$25. Cambo Observer Hotel, The Rocks. 8:30pm. free. Civilians Launch “We Were Wrens” - feat: New Brutalists & Ollie Brown Brighton Up Bar, Darlinghurst. 8pm. $10. Dave White Duo Maloney’s Hotel, Sydney. 9:30pm. free. Greg Agar Open Mic Night Northies Cronulla Hotel, Cronulla. 7:30pm. free. Heath Burdell Coogee Bay Hotel, Coogee. 10pm. free. Jim Moginie & Neil Murray Petersham Bowling Club, Petersham. 8pm. $25. Mandi Jarry Marrickville Ritz Hotel, Marrickville. 7:30pm. free. Overnight Rental - feat: Emerald Scar + Fat Chance + Compass + Calibur + The Cupcake Conspiracy Agincourt Hotel, Ultimo. 7pm. $10. Restless Leg - feat: The Dave Fletcher Band + Will Chittick The Union Hotel, Newtown. 10am. free. Royal Chant - feat: Bigger Cages + A Bear In A Man Suit Terrace Bar, Newcastle. 8pm. $5. The Green Mohair Suits + Keppie Coutts Eliza’s Juke Joint, Newtown. 8pm. $15. The Holidays Goodgod Small Club, Sydney. 8pm. $17.40. Tully On Tully + March Of The Real Fly + Zana Rose & The Floral Chaos + Little Fox FBi Social, Kings Cross. 8pm. $10. Vanity Scruffy Murphy’s Hotel, Sydney. 10pm. free. Wildcatz Three Wise Monkeys Pub, Sydney. 10pm. free.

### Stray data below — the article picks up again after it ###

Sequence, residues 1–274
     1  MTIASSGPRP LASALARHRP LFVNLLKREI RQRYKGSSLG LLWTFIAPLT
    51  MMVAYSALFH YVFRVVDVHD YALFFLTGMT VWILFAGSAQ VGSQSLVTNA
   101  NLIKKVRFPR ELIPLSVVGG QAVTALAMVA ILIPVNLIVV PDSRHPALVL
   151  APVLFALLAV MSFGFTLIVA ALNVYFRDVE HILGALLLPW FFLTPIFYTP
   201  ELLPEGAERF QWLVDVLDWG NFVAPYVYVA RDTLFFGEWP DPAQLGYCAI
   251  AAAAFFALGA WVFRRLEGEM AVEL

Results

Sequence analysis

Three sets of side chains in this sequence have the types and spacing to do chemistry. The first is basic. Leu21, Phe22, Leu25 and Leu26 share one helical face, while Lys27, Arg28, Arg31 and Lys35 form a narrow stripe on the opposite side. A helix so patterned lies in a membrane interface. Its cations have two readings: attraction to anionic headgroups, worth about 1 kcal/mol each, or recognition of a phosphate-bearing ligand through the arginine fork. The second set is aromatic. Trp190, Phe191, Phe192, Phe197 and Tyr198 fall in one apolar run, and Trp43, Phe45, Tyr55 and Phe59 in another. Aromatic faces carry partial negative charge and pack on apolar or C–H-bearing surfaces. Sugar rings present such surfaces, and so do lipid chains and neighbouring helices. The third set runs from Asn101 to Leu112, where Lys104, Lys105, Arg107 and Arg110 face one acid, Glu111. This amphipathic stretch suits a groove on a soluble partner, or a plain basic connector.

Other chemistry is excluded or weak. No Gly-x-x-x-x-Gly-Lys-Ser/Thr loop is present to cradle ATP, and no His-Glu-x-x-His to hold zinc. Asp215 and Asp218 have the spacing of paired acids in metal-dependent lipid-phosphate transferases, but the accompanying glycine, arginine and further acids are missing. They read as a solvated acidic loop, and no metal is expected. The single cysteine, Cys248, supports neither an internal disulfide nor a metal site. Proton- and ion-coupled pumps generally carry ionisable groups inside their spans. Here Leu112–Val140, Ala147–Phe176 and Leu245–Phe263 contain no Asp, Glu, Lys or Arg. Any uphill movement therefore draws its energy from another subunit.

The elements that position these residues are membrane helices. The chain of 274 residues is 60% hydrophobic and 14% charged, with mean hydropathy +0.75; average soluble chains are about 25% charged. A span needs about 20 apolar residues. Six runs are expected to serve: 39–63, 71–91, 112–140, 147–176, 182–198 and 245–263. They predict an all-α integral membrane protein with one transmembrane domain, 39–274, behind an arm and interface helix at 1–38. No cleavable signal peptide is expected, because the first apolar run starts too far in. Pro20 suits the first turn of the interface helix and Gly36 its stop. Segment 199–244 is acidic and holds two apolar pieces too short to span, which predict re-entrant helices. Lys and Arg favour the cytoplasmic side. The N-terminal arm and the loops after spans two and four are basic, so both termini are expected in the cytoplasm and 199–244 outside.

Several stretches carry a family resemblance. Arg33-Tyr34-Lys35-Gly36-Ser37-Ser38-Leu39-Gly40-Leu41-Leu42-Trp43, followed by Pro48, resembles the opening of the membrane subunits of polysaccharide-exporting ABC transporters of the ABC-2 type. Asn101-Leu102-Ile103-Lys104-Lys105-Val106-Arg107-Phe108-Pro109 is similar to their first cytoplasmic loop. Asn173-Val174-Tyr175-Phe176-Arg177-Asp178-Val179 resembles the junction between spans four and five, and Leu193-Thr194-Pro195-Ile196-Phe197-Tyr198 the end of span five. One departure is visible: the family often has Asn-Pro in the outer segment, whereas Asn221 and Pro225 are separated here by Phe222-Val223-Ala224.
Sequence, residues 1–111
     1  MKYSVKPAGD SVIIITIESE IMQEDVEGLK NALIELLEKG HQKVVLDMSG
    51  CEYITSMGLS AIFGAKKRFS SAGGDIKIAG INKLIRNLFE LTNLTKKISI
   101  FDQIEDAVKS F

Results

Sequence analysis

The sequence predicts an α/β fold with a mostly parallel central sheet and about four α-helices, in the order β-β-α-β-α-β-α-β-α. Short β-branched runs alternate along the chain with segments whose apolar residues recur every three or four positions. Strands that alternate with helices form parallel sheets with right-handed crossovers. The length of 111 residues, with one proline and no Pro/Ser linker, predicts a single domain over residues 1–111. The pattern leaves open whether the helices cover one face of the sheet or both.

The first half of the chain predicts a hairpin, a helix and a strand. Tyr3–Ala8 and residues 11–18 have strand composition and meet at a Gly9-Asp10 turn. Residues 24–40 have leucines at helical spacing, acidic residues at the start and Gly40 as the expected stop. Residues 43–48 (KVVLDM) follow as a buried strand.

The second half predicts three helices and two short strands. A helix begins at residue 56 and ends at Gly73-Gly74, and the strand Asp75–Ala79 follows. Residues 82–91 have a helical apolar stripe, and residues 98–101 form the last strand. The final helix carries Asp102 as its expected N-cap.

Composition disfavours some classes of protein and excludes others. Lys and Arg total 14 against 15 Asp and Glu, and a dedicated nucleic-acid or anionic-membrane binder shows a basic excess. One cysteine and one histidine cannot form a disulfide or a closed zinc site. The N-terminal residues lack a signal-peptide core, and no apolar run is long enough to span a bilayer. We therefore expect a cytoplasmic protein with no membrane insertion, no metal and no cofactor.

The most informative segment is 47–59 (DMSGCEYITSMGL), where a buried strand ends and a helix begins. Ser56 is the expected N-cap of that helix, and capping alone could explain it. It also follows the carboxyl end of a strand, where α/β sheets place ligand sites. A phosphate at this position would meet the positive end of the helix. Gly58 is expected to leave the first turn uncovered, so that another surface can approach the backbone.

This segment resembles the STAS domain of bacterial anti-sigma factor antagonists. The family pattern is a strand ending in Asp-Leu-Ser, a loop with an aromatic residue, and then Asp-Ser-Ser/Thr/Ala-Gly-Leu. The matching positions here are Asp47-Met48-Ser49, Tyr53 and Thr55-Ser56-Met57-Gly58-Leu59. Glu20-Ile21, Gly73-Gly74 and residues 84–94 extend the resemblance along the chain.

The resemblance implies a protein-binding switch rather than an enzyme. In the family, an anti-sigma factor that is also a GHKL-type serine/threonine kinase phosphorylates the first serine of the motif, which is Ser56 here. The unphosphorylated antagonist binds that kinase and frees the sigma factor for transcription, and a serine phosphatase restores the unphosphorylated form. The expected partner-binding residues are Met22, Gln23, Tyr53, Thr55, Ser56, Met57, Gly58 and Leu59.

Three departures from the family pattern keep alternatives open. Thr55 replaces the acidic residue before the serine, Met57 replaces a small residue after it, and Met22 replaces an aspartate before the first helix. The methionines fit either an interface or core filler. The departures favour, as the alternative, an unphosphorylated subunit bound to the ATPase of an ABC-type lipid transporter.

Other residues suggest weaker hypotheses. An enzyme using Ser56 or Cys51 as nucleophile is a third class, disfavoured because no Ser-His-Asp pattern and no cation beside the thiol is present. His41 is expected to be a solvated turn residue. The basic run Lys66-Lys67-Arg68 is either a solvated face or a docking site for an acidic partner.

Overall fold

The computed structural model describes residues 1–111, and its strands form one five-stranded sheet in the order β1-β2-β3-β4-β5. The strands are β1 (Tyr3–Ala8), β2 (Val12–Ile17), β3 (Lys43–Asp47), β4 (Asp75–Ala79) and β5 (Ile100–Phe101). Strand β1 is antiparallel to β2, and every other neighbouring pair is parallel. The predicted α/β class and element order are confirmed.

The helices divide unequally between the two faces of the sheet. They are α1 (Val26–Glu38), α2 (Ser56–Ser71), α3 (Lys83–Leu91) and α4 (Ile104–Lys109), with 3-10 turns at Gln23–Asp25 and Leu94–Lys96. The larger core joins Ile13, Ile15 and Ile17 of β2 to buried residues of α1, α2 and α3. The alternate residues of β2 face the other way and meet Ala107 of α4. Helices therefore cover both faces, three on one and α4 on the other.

g g guide gig g send your listings to :

Jinja Safari

Ryan Thomas General Gordon Hotel, Sydenham. 4pm. free. Skyzthelimit Penrith Gaels, Kingswood. 8pm. free. Stephanie Jansen & Party Central Orient Hotel, The Rocks. 4:30pm. $5. The Deep Courthouse Hotel, 10pm. free. The John Steel Singers + Baptism Of Uzi + The Fabergettes Goodgod Small Club, Sydney. 8pm. $14. The Snowdroppers + Gay Paris The Annandale Hotel, Annandale. 8pm. $23.50. Three Borrowed Minds Tour - feat: Jordan Millar + Morgan Joanel & Dave Di Marco FBi Social, Kings Cross. 8pm. $10. Tony Williams Crows Nest Hotel, Crows Nest. 6:30pm. free. Tony Williams Wentworthville Leagues Club, Wentworthville. 9pm. free. Triple Grip Windsor Leagues Club, 9:30pm. free. Way Of The Eagle (featuring Dan Sultan, Daniel Meriweather, Owl Eyes And More) + Tim Nelson And The Infadels + Rainy Day Women + DJ Bernie Dingo Upstairs Beresford, Surry Hills. 6pm. free. Zoltan Town Hall Hotel, Balmain. 9:30pm. free.